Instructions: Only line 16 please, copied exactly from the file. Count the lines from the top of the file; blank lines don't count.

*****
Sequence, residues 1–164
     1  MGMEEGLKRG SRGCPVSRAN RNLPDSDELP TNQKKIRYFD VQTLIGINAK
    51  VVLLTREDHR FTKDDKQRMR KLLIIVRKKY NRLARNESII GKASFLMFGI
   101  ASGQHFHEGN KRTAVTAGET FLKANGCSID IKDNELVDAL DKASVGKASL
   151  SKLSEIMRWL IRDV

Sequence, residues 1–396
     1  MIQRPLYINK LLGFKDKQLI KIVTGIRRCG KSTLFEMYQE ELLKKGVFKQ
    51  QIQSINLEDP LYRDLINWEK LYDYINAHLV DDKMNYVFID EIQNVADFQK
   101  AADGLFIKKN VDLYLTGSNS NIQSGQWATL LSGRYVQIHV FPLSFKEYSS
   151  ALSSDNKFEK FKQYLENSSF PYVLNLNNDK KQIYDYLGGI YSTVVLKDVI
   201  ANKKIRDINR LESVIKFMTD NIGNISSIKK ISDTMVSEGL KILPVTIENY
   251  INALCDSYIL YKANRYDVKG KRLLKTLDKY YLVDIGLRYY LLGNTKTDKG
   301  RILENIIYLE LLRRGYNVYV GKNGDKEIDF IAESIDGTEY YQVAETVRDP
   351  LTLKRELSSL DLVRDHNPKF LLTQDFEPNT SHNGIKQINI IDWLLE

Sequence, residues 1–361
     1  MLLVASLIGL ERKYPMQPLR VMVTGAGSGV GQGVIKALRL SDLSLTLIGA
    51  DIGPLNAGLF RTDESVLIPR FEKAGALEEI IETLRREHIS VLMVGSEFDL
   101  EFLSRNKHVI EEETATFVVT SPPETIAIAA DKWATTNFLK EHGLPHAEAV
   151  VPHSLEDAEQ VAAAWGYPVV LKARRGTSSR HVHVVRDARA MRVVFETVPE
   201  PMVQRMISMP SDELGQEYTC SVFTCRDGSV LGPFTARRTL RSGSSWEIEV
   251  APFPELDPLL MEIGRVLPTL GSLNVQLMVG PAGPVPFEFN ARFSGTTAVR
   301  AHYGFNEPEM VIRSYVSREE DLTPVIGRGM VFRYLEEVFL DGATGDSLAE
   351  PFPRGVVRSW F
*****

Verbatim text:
     1  MLLVASLIGL ERKYPMQPLR VMVTGAGSGV GQGVIKALRL SDLSLTLIGA